Sarah Harralson knows about being a good community member. Not only does she come from a culture of service and mutual aid, but she is also a native of Tennessee, nicknamed the Volunteer State. Even so, she never expected to be at a community building festival in Bulgaria — much less so to be headlining at one.
An up-and-coming country music singer/songwriter from Nashville, Sarah was a leading act in the 48 Hours Varusha South Festival in Veliko Tarnovo this August. The annual festival brings together community activists and artists in a celebration of community achievements.
Sarah’s soulful renditions of “Hello, My Friend” and “Time and River” — the English-language remakes of two Bulgarian evergreen music hits — alongside Veliko Tarnovo deputy mayor Neyko Genchev, performing under the pseudonym Barney Esville, were heartwarming highlights of the festival.
Sarah talked to us about her ongoing collaboration with Barney Esville, who enticed an American to sing songs beloved by most in Bulgaria. This led to Sarah’s first trip to Europe, her participation in two of Bulgaria’s most recognizable community festivals, Veliko Tarnovo’s Varusha South Festival and Sofia’s Rivers of the City, as well as a Balkan tour. We also talked about Sarah’s love of country music and her volunteering work.
America for Bulgaria Foundation: You live in Nashville, Tennessee, the center of the country music scene, and Bulgaria is not part of your regular circuit. To what do we owe the pleasure of your presence here?
Sarah Harralson: I never expected to be here. It feels very random that music has taken me to Bulgaria, but it’s been such a nice surprise. I am in Nashville, and in April of this year, Barney Esville reached out to me on this site that I am on, SoundBetter.com. A lot of Nashville musicians and musicians all around the world are on that site, where people can collaborate or hire each other for any sort of music need. I have done a lot of work there with people around the world, just singing on people’s songs or collaborating on music. So, it was very ordinary when he reached out to me to collaborate on a song, just part of something I am already used to. Barney Esville asked me to sing on a song, “Hello, My Friend,” with him, and he told me the story behind it — how it was translated from Bulgarian, a very popular hit in Bulgaria. I recorded my vocals at my home studio in Nashville, and I sent them over his way. He asked if he could release the song with me as a featured artist, and I said yes. It’s on all the streaming services. This May, he let me know that it was charting on the Hotdisc Top 40 UK Country Chart [the song reached #15 in June, ed.]. I thought it was great how successful it was.
The song itself is not something that you would typically hear in modern country music in Nashville. It has a very different vibe. Part of it is that it was an older song that was popular in Bulgaria and has been translated, but it was so nice to hear how popular and well received it was over here, especially the new version. He kept me updated with the success of the song, and this summer at the end of June he was giving me some thoughts about coming to Bulgaria, doing some shows with him. That’s when I found out Barney’s real identity… (laughs) I had no idea he was also vice mayor of that town! That’s when we started to plan the whole overseas tour.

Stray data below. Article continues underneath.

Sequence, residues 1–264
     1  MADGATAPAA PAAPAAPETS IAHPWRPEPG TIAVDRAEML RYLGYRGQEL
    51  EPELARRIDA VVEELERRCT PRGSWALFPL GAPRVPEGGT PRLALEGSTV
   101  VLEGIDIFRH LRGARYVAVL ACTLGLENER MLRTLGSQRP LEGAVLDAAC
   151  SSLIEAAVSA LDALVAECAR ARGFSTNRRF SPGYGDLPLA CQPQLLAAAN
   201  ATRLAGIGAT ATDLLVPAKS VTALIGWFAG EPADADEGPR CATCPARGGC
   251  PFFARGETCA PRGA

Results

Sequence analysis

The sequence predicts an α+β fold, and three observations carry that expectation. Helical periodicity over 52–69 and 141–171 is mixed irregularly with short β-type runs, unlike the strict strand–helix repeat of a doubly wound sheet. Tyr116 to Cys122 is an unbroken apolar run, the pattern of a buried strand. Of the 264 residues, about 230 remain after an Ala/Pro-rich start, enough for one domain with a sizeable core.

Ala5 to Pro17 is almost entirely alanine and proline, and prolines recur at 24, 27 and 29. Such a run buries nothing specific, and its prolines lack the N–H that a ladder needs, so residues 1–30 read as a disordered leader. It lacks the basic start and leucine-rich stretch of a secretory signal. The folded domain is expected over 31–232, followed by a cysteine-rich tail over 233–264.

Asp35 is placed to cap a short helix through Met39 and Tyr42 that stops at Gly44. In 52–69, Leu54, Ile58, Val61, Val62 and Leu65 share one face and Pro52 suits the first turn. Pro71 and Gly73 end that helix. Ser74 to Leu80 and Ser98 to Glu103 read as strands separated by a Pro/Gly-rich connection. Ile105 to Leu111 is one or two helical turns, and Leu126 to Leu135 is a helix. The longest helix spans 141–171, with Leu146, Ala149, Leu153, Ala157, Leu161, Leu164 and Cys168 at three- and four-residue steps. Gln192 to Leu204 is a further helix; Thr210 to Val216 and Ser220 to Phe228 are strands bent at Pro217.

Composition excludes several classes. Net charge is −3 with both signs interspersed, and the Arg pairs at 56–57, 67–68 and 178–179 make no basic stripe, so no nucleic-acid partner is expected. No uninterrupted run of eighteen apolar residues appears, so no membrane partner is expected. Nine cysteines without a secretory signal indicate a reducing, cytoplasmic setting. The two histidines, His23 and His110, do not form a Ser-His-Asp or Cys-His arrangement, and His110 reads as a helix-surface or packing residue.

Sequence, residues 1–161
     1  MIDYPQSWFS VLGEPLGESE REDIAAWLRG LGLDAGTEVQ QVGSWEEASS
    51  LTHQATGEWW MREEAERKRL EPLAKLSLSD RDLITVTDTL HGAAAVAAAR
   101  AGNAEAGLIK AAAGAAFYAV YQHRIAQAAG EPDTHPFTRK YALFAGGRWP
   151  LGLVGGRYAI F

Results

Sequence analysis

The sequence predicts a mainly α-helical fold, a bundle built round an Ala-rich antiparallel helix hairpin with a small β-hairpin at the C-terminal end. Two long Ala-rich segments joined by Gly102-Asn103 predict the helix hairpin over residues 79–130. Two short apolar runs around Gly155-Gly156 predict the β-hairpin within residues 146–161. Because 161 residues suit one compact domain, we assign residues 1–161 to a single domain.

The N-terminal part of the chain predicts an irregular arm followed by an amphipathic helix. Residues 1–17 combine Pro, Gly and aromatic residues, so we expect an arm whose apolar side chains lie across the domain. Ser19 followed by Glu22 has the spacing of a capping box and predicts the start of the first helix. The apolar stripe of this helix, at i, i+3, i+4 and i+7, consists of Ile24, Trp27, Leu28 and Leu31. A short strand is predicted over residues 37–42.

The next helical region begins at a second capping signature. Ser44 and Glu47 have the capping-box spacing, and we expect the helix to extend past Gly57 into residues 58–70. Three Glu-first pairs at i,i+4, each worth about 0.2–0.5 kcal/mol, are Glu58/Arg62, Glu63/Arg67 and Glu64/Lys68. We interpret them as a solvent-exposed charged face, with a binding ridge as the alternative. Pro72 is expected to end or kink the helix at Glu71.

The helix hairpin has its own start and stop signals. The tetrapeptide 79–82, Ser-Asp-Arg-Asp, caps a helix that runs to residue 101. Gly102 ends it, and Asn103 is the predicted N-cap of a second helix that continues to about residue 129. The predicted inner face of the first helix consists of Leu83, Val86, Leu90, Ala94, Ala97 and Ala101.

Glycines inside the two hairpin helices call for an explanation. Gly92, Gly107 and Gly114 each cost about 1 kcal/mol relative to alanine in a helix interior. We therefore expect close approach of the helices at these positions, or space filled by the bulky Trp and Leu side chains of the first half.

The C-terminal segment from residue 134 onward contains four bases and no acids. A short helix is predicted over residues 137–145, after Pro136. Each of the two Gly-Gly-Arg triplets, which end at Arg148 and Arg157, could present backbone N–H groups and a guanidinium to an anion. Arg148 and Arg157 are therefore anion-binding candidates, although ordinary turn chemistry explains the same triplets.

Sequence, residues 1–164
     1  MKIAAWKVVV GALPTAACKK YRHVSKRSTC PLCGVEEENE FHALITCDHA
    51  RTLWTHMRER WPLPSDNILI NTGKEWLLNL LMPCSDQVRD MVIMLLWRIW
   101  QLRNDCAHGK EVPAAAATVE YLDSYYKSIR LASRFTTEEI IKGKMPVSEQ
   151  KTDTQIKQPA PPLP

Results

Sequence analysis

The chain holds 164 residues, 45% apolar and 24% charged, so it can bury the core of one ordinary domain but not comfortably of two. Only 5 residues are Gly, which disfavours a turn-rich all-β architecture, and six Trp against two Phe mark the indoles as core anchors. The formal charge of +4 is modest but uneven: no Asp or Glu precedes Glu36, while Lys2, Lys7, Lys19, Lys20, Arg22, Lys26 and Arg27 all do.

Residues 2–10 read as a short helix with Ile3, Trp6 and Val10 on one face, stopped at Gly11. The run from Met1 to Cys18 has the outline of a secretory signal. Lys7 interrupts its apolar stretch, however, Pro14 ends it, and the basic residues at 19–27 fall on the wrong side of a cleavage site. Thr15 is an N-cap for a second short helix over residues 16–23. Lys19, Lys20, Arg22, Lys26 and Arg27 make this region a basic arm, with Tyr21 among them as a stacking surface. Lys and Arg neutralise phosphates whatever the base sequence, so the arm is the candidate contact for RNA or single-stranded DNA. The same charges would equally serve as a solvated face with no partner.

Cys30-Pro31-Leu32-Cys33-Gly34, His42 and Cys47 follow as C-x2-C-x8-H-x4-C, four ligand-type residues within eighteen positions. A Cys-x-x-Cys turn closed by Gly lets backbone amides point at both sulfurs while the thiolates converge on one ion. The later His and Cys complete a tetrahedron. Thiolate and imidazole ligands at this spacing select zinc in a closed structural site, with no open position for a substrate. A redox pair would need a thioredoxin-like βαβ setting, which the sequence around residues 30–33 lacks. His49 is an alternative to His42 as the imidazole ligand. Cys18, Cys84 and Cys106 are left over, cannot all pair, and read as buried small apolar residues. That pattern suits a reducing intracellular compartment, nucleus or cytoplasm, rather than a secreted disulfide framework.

ABF: What is it about this collaboration that appealed to you? Was it the song’s theme perhaps, or was it something else?
S.H.: In country music we are used to singing about love, broken hearts, and all sorts of relationships, but not so much friendship, which should be more of a theme in music, I think. That’s why the theme was definitely appealing. I loved how it was just “let’s get together, no matter where we are and have a good time.” I loved the melody and the theme. All of Stefan’s music [Stefan Diomov is a Bulgarian music composer who wrote the music for the Bulgarian versions of both “Hello, My Friend” and “Time and River,” ed.] has very appealing stories and melodies.
ABF: How important are friends and friendships in your life?
S.H.: It’s universally important to have strong friendships and relationships, even in music. You can have so much talent and skill, but really it comes down to the relationships and friendships that can take you somewhere.
ABF: Friendship is a very personal, sustaining thing. But what about friendship between countries — is it possible, and are collaborations like yours and Barney Esville’s its embodiment in a way?
S.H.: Especially in Nashville, in country, you think about collaborating with people who are in Nashville or in the States because a lot of country music can be about being in your own country. But country music is so well received and loved around the world as well. That’s been such an eye-opening thing in the past few years, how many people around the world love country music and the storytelling aspect of it.
Having friendships with people in all parts of the world is so important because music is so universal. We all want the same thing, we want peace, we want good music, friendships. It’s been so nice to work with people around the world and tell each other stories through music.
It is so wonderful to see the friendships that are being made between countries through this foundation and through music. When people hear songs like this it is a reminder that there can be friendships and love between countries no matter what’s going on in the world.
The lyrics of “Hello, My Friend” are so unifying in a sense and make you, for a few minutes, forget about some of the hate between countries.